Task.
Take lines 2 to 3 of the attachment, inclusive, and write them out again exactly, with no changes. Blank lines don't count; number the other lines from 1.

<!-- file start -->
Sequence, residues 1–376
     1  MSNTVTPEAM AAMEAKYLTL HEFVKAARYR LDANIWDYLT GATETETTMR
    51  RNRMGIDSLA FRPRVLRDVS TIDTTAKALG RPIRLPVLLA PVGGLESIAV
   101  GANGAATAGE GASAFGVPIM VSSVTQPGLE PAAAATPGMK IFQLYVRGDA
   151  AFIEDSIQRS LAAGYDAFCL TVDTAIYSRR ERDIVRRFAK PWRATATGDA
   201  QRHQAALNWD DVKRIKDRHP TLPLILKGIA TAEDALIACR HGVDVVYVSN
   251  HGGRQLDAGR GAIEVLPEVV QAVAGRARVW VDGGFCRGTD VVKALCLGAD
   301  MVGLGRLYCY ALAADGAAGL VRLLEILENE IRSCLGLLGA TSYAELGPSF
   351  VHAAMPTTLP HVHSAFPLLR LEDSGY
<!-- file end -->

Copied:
     1  MSNTVTPEAM AAMEAKYLTL HEFVKAARYR LDANIWDYLT GATETETTMR
    51  RNRMGIDSLA FRPRVLRDVS TIDTTAKALG RPIRLPVLLA PVGGLESIAV